CCTV images showing the moment a stranger approached a Jamie Bulger being led away by the evil pair Jon Venables and Robert Thompson 21 years ago still dwells in every parent's mind.
But, mercifully, that was a very – VERY – rare occurrence. But the legacy is that we now seem to suspect ANYBODY of being a child-snatcher, however innocent the scenario.
This morning's footage – issued by Derbyshire Police after a well-meaning/paranoid shopper alerted them (not the mother herself, please note) – showed a mother and her toddler son walking through the Intu centre in Derby, East Midlands, at 10.30am on Thursday. The mum walked slightly ahead of her child and a few seconds later a man wearing a dark jacket and a cap appeared.
He approached the 21-month-old and spoke to him before taking his hand. The mum then turned, said something, and the man said something back, then left. That was it.
Had the mum caught a pervert in the act of stealing her child? Or was the encounter something of nothing, but made sinisterly something by being captured on CCTV and then broadcast?
We all want to keep our children safe. It goes without saying. But is it healthy to live with this perpetual fear of Stranger Danger?
What would have happened, for example, if the innocent pensioner hadn't come forward to 'clear his name'?
What if he hadn't see himself on the CCTV footage online before a vigilante had recognised him from it?
What might have been the outcome then? An entirely innocent man strung up for the 'crime' of talking to a child? It doesn't bear thinking about.
Of course, some would say it's better to be safe than sorry, and that's perfectly understandable.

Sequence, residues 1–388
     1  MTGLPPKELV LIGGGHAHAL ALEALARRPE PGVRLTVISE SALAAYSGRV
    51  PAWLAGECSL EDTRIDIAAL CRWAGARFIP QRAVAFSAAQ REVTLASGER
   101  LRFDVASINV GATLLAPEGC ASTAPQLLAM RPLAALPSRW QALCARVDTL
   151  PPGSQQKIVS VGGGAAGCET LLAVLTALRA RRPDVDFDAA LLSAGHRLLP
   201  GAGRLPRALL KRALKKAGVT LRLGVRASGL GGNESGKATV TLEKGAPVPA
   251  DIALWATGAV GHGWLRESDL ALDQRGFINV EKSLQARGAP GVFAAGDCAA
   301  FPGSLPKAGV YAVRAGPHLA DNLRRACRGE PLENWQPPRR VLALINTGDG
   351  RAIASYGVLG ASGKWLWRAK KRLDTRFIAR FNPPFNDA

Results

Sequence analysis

But isn't it sad that the first conclusion we leap to when we see a man talking to a child is: "Paedo."
This time no damage was done to anyone – child or man – but police deemed it necessary to issue a warning, regardless, adding further fuel to the fires of parental fear.
"The man was a little confused and thought the child's mother was somebody else, and had tried to do a good deed in reuniting them."
And then issued this advice about what the public should do if a child appears to be alone - despite the fact the child WASN'T alone:
• Stay still with the child and do not lead them away from where you found them;
• Ask the child where their parents or guardians are, and look around for them;
• Consider asking other passers-by if they know where the child's parents might be;
• If the parents or guardians are not found, take the child to the nearest shop and contact a member of staff immediately;
• You can also call store security or police on 101.
Or how about this from: If you're a middle-aged or elderly man who wants to say hello to a child he recognises – perhaps his son or grandson's pal – turn the other way and pretend you haven't noticed them, lest you end up being broadcast to the nation as 'EVERY PARENT'S WORSE NIGHTMARE'.
More on Parentdish: Child snatchers are not the norm